If you liked this article, share it within your circle so we can make a difference. I’d also love to hear about your experiences below.

Big thanks to my friend K as this was a joint effort. Strength in numbers people!

Advertisements

School Cupcakes

img_7245

Any allergy Mum knows about the ‘School Cupcakes’. These are the cupcakes you have to keep in the school freezer for when other kids bring in birthday cakes to share.

Be it empathy or guilt over restricting their diet I hate when my kids have to miss out on some yummy treat that everyone else is eating so I do my best to substitute. That’s why there’s sprinkles on top. Not that they can compete with western diet over-abundance of all things sweet but it’s my little way to make it a bit special from the norm.

I got a bit lazy at 10pm last night when I finally got the chance (spied them on the cooling rack before bed and thought crap I need to ice them for the morning) to ice these cupcakes. In comes the good old Pure Harvest Chocolate Spread! It’s not nutella but as it is gluten/dairy/nut free my kids can have it on their sandwiches for school!

The cupcakes are the Orgran Chocolate Cake Mix and sprinkles are Hopper brand. Even I can tolerate the Hopper sprinkles! Unfortunately for the failsafe kids these cupcakes aren’t an option but you could use my Vanilla cake recipe and a simple icing sugar and water icing.

Mast Cells Don’t Go Crazy for No Reason! 5 Things You Must Address if You Have Acquired Mast Cell Activation Disorder

This is a great starter article for those delving down further into histamine and inflammation. I wish I could get my head around this stuff and come up with a treatment plan! If anyone knows a professional in Brisbane who can put all these pieces together for me that would be fantastic!

Apple Pie

Apple Pie

Hubby’s favourite dessert is apple pie so for his birthday I made an everything free apple pie, custard and ice cream. (Sorry to the Failsafe people it is moderate to high Sals).
It was categorised as a baking fail as the pastry was too crumbly and hard. I just used an old fashioned short crust pastry from my ancient cookbook. It really needs gluten to hold it together I think so you could play with Xantham or Guar Gum to replace it. I tend not to use these too much as they don’t sit well with me. Please feel free to comment if you have any tips to improve this.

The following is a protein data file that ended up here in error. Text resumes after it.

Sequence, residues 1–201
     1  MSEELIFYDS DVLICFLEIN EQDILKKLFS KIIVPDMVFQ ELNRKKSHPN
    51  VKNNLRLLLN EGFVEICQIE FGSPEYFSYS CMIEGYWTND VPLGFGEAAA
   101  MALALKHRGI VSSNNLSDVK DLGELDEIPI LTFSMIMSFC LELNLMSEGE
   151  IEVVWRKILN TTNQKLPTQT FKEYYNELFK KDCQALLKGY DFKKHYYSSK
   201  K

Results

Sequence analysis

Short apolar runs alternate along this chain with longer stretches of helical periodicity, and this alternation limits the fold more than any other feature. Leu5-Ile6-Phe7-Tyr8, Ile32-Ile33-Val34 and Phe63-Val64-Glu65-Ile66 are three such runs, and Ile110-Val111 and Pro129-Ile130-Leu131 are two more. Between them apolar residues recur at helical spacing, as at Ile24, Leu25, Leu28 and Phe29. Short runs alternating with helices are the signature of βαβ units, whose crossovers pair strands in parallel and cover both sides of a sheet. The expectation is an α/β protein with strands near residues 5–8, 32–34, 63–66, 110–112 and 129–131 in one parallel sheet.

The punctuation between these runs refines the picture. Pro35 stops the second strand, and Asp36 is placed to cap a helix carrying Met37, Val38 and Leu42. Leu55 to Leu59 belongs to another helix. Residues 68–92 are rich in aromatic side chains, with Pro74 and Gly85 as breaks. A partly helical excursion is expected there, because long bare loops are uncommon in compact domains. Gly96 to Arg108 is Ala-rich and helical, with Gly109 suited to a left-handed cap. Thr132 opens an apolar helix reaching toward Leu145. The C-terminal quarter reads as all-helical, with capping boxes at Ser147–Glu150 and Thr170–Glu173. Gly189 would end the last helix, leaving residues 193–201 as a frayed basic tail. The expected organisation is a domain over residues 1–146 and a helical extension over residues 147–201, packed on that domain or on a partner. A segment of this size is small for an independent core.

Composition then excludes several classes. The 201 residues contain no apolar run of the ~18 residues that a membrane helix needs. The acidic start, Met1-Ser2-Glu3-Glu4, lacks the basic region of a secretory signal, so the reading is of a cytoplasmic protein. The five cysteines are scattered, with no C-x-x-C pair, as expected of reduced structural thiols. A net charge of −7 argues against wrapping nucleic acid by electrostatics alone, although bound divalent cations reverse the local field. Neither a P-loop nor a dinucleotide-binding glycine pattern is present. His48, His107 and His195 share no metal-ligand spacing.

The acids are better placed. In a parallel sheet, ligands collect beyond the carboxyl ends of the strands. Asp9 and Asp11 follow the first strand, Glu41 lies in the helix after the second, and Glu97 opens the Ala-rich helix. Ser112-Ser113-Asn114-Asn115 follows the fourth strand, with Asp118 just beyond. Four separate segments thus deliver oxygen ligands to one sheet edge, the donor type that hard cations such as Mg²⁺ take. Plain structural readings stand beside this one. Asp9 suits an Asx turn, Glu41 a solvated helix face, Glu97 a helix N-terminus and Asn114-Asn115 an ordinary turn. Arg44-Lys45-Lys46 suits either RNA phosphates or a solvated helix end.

I think I used nearly 2kg of apples as my pie dish is pretty huge. I first did 1kg but it was nowhere near enough. As with all my recipes they are not perfect and sometimes need a bit of a play.

Apple Pie

  • 1.5-2kg Apples stewed in a little filtered water with 1t cinnamon (omit cinnamon to reduce Sals but keep it in if you can). I have included a step by step pic for making the pastry from my cookbook if it helps.

Double quantity of short crust pastry

  • 4c GF SR Flour
  • 250g Nuttlex (ghee, butter if not DF)
  • 4T Cold water
  • Pinch salt
  1. Sift flour and salt into a BIG bowl. Cut the nuttlex in cubes and rub them into the flour.Method
  2. Add the water a bit at a time and mix through with a butter knife. (I actually used the water from the apples so this could have been some of the problem). It should be just wet enough to pull it together into a dough.
  3. Lightly kneed the dough on a floured board. The trick with pastry is to not play with it too much.
  4. Divide the dough in two – one for the base and a one for the lid
  5. Roll out the dough using firm quick strokes. As it is GF it will be really crumbly so take care!
  6. I roll the dough out on baking paper dusted with a bit of flour. This makes it easier to flip the dough into the pie dish.
  7. Place the base in the pie dish. Add stewed apples and put on the lid.
  8. Using a fork (or just your fingers) press the edges of the lid into the base. It doesn’t work as well with GF pastry as with normal wheat based pastry so just do your best.
  9. Brush the top of the pie with a bit of egg in milk (rice, almond, whatever you drink). If you can’t have egg just use the milk.
  10. Bake in a moderate oven for 20-30 mins.

Serve with Orgran custard and dairy free ice cream.

Apple Pie, Custard, Ice CreamOrgran Custard

I guess tradition says I should open with Hello World?

Someone said I should start a blog. I don’t know exactly what it is going to be about but I guess it will evolve over time?

I have a pretty crazy life and fucks me when I’m going to get time to write but maybe putting down my many life lessons may help someone else.

My blog will most likely contain subjects around health, parenting, allergies, food and recipes (even for those who don’t think they can eat anything!) and just an insight into the crazy world of Selena Ellen!

Sorry Mum there may be “Strong Language” and some viewers may find some content disturbing (though I can’t guarantee it)